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As long as you don’t die or go into a coma, no natural resource is as constant and impartially provided to people as time is.
And I don’t believe there exists a field where people can use their time with complete efficiency either.
By that standard, I’m aware that I’m a terrible example.
Grandfather is early to bed and early to rise, making people feel that his life’s rhythm is stable. Meanwhile, mine proceeds at random. For example, whenever I wake up in the morning, it’s a matter of course for the outcome to be decided on a coin flip.
Alarm clocks exist even in this day and age, but they don’t seem to have much effect on me.
Reporting to the office by noon is the one basic rule I’ve set for myself. Still, lately, I’ve been able to stick to it less often, and I’m often plagued by impatience.
But today goes well.
I show up at the office a little before eleven o’clock.
I get to enjoy the eleven o’clock break tea.
“Good morning, Grandfather.”
I’m even able to give Grandfather a proper greeting.
All I get back is a half-hearted reply.
Grandfather is reading something while sitting with his back to the window in the most sun-kissed section of the office.
This office, whose inhabitants are naught but ordinary scholars, has somehow, over the ages, accumulated a large corpus of books and records of every kind, in every field.
Grandfather has never been much of a reader or a bibliophile by any means, but he has turned into an exemplary bookworm now.
“We found some more rare books; please take care of them for us, Professor.”
The books that would come swaying with the caravan would be left to us accompanied by that line. Grandfather has spent his days reading each of those books cover to cover, then throwing them into the empty room two doors away from our office.
Our office is the only occupant of the Camphorwood Cultural Center’s third floor. In fact, the building itself has been in a constant cycle of reuse, with the identity of its original owner lost in the annals of time.
Oh, and the reason I mentioned the room two doors away is that the room which is our immediate neighbor is already chock-full of pagoda-like stacks of books.
Seeing a room bursting with piles of books like that is quite a sight.
Three book towers are burdening Grandfather’s desk today. The book he’s reading probably came out of one of those towers.
“A caravan had stopped by?”
That has to be it since Grandfather is reading a new (secondhand) book.
The caravans have multiple routes they can take, so small ones sometimes stop by without warning.
“By the way,” Grandfather raises his head, “They also delivered something huge. It’s over at the parlor.”
“It seems so.”
And with that, he goes back to reading.
“A cargo box?”
The parlor is one in name alone; it is merely an area of the office room sectioned off with partitions. There is a rather large wooden crate at its center.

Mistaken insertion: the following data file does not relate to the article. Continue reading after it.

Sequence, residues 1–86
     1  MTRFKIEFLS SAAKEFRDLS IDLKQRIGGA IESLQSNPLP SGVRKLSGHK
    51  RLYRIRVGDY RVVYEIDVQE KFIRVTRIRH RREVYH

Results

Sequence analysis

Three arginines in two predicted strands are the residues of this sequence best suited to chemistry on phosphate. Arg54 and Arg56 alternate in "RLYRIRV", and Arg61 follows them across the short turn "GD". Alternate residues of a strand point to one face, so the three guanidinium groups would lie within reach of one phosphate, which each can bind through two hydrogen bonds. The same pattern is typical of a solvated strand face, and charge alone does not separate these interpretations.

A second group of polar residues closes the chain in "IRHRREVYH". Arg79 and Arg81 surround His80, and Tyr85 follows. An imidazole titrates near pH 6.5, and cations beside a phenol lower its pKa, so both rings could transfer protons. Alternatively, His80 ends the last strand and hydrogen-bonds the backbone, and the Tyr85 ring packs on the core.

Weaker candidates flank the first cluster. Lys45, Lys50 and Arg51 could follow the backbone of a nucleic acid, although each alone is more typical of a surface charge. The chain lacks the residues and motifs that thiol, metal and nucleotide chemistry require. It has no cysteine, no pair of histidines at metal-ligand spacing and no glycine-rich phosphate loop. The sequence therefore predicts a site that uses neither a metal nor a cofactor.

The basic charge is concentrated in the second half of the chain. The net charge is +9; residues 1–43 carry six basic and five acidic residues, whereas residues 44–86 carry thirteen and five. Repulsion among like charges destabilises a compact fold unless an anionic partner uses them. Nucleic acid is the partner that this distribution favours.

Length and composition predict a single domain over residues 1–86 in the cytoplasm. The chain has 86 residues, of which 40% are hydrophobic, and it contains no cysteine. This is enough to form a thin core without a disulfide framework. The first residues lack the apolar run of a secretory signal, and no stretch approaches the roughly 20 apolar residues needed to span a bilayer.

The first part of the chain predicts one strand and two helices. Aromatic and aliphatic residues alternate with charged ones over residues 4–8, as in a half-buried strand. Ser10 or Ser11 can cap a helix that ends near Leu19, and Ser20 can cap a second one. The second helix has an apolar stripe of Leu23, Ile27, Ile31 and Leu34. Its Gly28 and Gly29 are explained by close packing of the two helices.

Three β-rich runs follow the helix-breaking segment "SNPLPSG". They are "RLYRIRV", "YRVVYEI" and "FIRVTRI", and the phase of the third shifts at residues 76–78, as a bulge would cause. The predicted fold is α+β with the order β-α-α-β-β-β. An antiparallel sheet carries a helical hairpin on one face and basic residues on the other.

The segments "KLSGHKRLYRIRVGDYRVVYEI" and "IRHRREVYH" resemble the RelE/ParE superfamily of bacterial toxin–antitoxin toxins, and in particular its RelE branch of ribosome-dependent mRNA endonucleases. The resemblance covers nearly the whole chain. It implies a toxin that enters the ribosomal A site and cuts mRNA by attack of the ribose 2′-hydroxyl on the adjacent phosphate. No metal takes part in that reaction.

Wondering what could be inside, I crack it open with a makeshift crowbar.
“Ah, the tin of sweets…?”
A huge golden tin is nestled within a straw bed inside the crate.
During the papercraft incident a while back, the fairies won a prize-winning caramel. I applied in their stead since they didn’t know what that meant. An application costs one gold or five silver. The caramel the fairies found was a gold one.
“It got here in less than two months… They responded pretty quickly.”
Even with the world’s population dwindling, there are some who take their work seriously.
I take it out, only to find that I need both arms to lift it. It’s profoundly heavy, to the point where it’s a bit of a pain to hold it without using the attached handle.
“This is the first time in my life I’ve seen it.”
I applied, but I didn’t expect them to actually mail it to me.
As an authority on confectioneries, I want to review its contents, but this belongs to the fairies. I have to deliver it to them first.
With that thought in mind, I tell Grandfather I’m going out.
“No, wait. I didn’t tell you, but my assistant will return to the office today.”
I immediately freeze, still holding the golden can.
“I’d been telling you, hadn’t I? He’s been on leave due to his condition but is back on the job starting today.”
I did hear that Grandfather had an assistant, but…
“If I’m not mistaken, he was hospitalized for a checkup, wasn’t he?”
“That’s right. And what’s more, his condition made it necessary for someone to stay with him as his caretaker as well… but that shouldn’t be a problem now.”
I can’t react.
I stand there like a statue of a woman holding a can of gold. At this point, I may as well have been excavated from some 200-year-old ruin in the Mediterranean region.
I’m all kinds of shocked.
I’m not good at dealing with strangers entering a space I’m comfortable in, especially when they’re of the opposite sex.
I’m a highly territorial animal. Practically a big cat.
Grandfather delivers another blow to my frozen self.
“Please go receive him.”
“That’s a tall order.”
“What are you getting at?”